It's not a swindle. However, that's not precisely what the offer was. (I also offer that service as an investor--see http://www.WeBuyFairfaxHouses.com
Here's how it works: The investor starts from the after-repair value (the fixed up value, if fix-up is needed) of a property. That value is then reduced to about 65%-70%. So, just to use round numbers, if the fixed-up value is $100,000, it's dropped down to $65,000-$70,000. Then repair expenses are subtracted. Let's say the home needs almost no repairs--maybe just paint and carpet--about $5,000. Subtract that, and you come up with $60,000-$65,000. That's what the investor calls the "MAO" or "maximum allowable offer." That's the most the investor will pay for the home. He may offer less.
To take your specific example, the investor would not base his calculations off an appraised value, unless the appraisal were very recent and done for the right reason. (Example: appraisals for refinancings are no good; they're not done for the right reason.) Instead, the investor would have a Realtor run comps, and base the ARV on the comps. And if you meant "assessment" rather than appraisal, an investor would never, never base an offer on a tax assessment. Never.
I doubt the investor said that 80% of the appraisal "is the best price you can get in that area." It's easy enough for you to go to a Realtor and ask how much the property might sell for. In other words, what are the comps? An investor might say that 80% of some figure is the most he could offer. I'd be glad to tell someone that, as an investor, the most I could pay would be 70% of ARV. I'd also be glad to tell the seller that if he didn't want or have to sell immediately, I'd be glad to list his property and sell it for close to 100% of ARV.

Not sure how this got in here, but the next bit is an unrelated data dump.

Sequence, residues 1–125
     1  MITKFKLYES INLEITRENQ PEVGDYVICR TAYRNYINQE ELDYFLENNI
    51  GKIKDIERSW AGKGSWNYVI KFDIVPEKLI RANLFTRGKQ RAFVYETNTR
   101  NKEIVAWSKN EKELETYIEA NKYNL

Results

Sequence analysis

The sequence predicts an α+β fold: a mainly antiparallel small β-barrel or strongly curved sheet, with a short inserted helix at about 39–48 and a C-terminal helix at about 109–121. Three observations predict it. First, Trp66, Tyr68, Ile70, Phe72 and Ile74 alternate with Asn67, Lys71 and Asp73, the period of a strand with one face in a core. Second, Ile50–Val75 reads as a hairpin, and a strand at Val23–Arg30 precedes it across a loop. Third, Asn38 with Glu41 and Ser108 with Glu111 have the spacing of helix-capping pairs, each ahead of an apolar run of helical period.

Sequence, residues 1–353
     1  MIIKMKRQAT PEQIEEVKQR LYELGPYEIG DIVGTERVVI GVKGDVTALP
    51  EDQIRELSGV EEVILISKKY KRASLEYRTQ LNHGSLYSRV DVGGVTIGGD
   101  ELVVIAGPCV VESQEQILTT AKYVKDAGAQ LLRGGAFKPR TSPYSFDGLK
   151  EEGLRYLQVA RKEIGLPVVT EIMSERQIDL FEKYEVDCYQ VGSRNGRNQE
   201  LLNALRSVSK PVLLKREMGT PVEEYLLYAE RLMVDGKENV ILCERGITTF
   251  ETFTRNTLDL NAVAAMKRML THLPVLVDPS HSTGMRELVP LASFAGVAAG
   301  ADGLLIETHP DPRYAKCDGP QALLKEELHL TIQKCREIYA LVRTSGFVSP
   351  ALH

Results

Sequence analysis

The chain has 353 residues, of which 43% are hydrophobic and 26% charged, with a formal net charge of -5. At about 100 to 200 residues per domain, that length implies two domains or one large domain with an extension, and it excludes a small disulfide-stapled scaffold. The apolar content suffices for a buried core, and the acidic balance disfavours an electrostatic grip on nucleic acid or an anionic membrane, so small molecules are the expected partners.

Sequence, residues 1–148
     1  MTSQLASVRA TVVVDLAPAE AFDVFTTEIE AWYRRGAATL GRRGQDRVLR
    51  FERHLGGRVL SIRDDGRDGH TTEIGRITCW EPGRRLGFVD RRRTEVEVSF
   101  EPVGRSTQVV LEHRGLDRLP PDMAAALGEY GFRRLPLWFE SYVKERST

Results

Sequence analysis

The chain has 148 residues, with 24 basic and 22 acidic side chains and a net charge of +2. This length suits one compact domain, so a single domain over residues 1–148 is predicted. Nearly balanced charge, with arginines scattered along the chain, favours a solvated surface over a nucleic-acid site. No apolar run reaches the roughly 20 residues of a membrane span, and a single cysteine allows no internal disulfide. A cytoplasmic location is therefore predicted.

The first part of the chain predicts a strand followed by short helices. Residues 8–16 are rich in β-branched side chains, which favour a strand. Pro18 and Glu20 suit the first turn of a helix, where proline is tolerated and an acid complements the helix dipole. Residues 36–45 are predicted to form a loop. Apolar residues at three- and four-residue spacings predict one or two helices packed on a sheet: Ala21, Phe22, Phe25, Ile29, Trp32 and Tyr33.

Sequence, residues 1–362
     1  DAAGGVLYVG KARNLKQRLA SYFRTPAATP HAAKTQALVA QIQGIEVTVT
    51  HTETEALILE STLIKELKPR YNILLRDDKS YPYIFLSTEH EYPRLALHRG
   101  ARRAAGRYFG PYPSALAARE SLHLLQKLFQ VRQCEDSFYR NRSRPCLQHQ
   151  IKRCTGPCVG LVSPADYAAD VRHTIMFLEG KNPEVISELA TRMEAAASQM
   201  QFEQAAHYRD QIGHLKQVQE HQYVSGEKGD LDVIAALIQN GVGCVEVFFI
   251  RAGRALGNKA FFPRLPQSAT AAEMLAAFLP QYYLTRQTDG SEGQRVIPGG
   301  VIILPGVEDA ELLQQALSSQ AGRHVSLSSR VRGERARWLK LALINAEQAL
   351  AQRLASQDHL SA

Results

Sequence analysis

It really comes down to how quickly you want to sell, and what condition the home is in. As an investor, I'll buy the home in as-is condition. (I'll do that because I'll subtract the necessary fix-ups from my base offer.) Some sellers just want to sell their homes. They don't want to put in a lot of time, effort, and money fixing it up.
To address a few points below: One comment asks: "Did they provide a Comparative Market Analysis?" If they're really claiming that the best price you could get (from anyone) would be 80% of an appraisal, then it might make sense. But, again, most investors wouldn't base an offer on an appraisal, regardless of who did it. And most investors are honest enough to admit that you can get more by listing with a Realtor. I really suspect the investor was saying that 80% of some figure was the most they could offer. And there'd be no need for a CMA in that case. When YOU bought your home, did YOU present the seller with a CMA to justify your offer? I doubt it. You made an offer that worked for you and figured, correctly, that if the seller liked the number, he'd accept. If he didn't like it, he'd reject it or counter.
Look: You can get more by listing with a Realtor. Let's say your home is worth $120,000. If you list with a Realtor, after commissions, other expenses, and stuff, you might net $110,000. Depending on how healthy the real estate market is where you are, a properly priced home might take 45-100 days or so to sell. If you sell to a "I Buy Houses" company, you're likely to net about $77,000, depending on your home's condition. But you'll be able to sell in a week or two in as-is condition, not 2-3 months.
It's not a swindle. It's just a different business model providing a different mix of services to the seller.
Hope that helps.